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    ABSTRACT: BACKGROUND:Liver grafts from non-heart-beating donors inevitably suffer from warm ischemic injury. In these grafts, large quantities of inflammatory cytokines and arachidonic acid metabolites are induced, further aggravating injury. Cyclooxygenase (COX) is an intracellular enzyme that converts arachidonic acid into prostaglandin (PG)G2 and PGH2. COX has two isoforms: constitutive COX-1 and inducible COX-2. The aim of this study was to evaluate the effects of COX-2 inhibition by FK3311 (FK) on warm ischemic injury in a canine total hepatic vascular exclusion (THVE) model.STUDY DESIGN:Sixteen mongrel adult dogs were studied. The portal triad of the hilum and the inferior vena cava above and below the liver was clamped for 1 hour. Splanchnic decompression was achieved by active splenofemorojugular bypass. The animals were divided into two groups. FK (1 mg/kg) was administered in the FK group (n = 8), and saline was administered in the control group (n = 8). Hepatic venous blood was collected to measure serum alanine aminotransferase, aspartate aminotransferase, lactate dehydrogenase (LDH), and hyaluronic acid levels. Serum thromboxane (Tx)B2 and 6-keto-PGF1α levels were also measured. Hepatic tissue blood flow was estimated simultaneously. Liver specimens were harvested for histologic study and polymorphonuclear neutrophils were counted.RESULTS:Alanine aminotransferase, aspartate aminotransferase, and hyaluronic acid 2 and 6 hours after reperfusion and LDH 30 minutes and 2 and 6 hours after reperfusion were significantly (p < 0.05) lower in the FK group than in the control group. Hepatic tissue blood flow remained significantly (p < 0.05) higher in the FK group than in the control group 1, 2, and 6 hours after reperfusion. Histologic tissue damage was mild and polymorphonuclear neutrophil infiltration was significantly lower (p < 0.05) in the FK group than in the control group 1 and 6 hours after reperfusion. Thirty minutes after reperfusion, TxB2 was significantly reduced (p < 0.05) in the FK group, and 6-keto-PGF1α was not significantly lower.CONCLUSIONS:FK protected against hepatic warm ischemia-reperfusion injury by marked inhibition of TxA2.
    Journal of the American College of Surgeons 01/2001; 192(1):54-62. · 4.50 Impact Factor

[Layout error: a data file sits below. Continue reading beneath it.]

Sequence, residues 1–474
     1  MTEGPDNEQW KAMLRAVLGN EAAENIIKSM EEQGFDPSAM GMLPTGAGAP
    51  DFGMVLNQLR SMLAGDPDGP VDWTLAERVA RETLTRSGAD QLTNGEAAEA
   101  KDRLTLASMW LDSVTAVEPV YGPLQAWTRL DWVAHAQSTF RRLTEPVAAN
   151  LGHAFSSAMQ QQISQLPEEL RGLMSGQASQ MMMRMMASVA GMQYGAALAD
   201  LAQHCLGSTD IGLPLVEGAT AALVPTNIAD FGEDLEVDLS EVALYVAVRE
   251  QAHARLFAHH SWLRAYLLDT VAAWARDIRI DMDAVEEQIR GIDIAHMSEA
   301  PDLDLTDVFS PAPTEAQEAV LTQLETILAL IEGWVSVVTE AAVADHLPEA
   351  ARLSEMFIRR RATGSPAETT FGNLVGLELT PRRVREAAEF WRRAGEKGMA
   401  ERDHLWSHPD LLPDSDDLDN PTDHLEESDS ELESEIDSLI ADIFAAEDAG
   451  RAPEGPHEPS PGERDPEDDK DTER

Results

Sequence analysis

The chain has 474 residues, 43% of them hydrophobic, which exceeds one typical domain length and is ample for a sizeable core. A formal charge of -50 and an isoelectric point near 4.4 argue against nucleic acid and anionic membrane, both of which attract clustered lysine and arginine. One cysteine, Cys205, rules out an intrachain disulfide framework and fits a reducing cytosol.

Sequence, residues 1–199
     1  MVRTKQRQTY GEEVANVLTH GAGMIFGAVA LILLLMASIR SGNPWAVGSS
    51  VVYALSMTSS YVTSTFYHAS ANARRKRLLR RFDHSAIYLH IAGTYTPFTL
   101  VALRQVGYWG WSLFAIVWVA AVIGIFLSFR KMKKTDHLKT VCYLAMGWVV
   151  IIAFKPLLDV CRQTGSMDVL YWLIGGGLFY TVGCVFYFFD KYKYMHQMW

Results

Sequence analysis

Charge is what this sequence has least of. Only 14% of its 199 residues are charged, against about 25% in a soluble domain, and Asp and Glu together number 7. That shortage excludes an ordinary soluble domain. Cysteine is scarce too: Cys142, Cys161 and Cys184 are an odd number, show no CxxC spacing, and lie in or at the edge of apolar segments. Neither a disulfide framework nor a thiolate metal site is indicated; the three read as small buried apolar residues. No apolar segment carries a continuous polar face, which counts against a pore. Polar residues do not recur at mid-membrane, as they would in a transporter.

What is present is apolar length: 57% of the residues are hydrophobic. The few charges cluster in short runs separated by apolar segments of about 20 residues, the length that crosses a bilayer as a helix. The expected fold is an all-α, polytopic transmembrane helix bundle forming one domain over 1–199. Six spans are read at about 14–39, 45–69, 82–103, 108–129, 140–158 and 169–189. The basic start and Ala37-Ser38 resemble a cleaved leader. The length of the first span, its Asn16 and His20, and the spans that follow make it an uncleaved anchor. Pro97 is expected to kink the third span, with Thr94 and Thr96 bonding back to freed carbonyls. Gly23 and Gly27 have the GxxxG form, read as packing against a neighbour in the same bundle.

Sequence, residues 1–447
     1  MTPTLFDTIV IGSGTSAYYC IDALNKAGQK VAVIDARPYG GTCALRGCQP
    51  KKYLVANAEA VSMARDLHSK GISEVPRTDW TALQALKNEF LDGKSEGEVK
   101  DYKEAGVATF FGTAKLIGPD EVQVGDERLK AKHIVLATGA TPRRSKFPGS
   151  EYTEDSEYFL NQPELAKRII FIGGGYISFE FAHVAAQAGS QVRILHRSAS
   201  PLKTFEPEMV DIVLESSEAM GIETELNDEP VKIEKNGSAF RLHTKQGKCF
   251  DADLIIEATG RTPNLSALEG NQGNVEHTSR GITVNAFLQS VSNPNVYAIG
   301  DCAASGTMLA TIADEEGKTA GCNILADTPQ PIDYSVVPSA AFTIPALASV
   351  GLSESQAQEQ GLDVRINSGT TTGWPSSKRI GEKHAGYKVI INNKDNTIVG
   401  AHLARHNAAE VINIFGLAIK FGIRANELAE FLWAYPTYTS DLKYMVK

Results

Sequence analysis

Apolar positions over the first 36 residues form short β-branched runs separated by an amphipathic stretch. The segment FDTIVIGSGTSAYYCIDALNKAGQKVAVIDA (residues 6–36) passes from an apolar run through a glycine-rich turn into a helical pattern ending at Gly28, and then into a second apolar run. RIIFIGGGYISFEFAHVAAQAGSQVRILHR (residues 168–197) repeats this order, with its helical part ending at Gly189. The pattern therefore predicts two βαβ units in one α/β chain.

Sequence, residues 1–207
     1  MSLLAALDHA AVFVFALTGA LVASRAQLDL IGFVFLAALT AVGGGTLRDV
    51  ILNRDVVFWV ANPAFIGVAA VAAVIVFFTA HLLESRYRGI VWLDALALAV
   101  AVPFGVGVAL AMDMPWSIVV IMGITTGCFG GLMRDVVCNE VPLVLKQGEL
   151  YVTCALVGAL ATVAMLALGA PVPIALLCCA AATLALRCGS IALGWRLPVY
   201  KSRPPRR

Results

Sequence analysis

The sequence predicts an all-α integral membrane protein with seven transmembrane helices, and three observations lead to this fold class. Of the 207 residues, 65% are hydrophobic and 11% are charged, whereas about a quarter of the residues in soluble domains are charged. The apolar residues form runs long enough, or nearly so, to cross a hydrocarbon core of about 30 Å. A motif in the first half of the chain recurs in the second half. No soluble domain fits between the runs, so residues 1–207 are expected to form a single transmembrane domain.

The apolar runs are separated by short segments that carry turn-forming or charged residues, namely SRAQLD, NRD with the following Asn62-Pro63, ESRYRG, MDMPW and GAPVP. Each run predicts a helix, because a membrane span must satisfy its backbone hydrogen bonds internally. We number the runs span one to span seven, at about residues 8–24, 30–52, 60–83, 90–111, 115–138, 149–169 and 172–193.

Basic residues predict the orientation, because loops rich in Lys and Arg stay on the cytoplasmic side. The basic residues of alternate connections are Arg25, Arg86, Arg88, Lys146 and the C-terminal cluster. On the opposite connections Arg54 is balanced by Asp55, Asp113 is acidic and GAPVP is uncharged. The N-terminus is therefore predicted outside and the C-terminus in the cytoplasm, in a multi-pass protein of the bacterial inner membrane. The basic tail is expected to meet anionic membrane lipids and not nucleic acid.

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    ABSTRACT: BACKGROUND:Liver grafts from non-heart-beating donors inevitably suffer from warm ischemic injury. In these grafts, large quantities of inflammatory cytokines and arachidonic acid metabolites are induced, further aggravating injury. Cyclooxygenase (COX) is an intracellular enzyme that converts arachidonic acid into prostaglandin (PG)G2 and PGH2. COX has two isoforms: constitutive COX-1 and inducible COX-2. The aim of this study was to evaluate the effects of COX-2 inhibition by FK3311 (FK) on warm ischemic injury in a canine total hepatic vascular exclusion (THVE) model.STUDY DESIGN:Sixteen mongrel adult dogs were studied. The portal triad of the hilum and the inferior vena cava above and below the liver was clamped for 1 hour. Splanchnic decompression was achieved by active splenofemorojugular bypass. The animals were divided into two groups. FK (1 mg/kg) was administered in the FK group (n = 8), and saline was administered in the control group (n = 8). Hepatic venous blood was collected to measure serum alanine aminotransferase, aspartate aminotransferase, lactate dehydrogenase (LDH), and hyaluronic acid levels. Serum thromboxane (Tx)B2 and 6-keto-PGF1α levels were also measured. Hepatic tissue blood flow was estimated simultaneously. Liver specimens were harvested for histologic study and polymorphonuclear neutrophils were counted.RESULTS:Alanine aminotransferase, aspartate aminotransferase, and hyaluronic acid 2 and 6 hours after reperfusion and LDH 30 minutes and 2 and 6 hours after reperfusion were significantly (p < 0.05) lower in the FK group than in the control group. Hepatic tissue blood flow remained significantly (p < 0.05) higher in the FK group than in the control group 1, 2, and 6 hours after reperfusion. Histologic tissue damage was mild and polymorphonuclear neutrophil infiltration was significantly lower (p < 0.05) in the FK group than in the control group 1 and 6 hours after reperfusion. Thirty minutes after reperfusion, TxB2 was significantly reduced (p < 0.05) in the FK group, and 6-keto-PGF1α was not significantly lower.CONCLUSIONS:FK protected against hepatic warm ischemia-reperfusion injury by marked inhibition of TxA2.
    Journal of the American College of Surgeons 01/2001; · 4.50 Impact Factor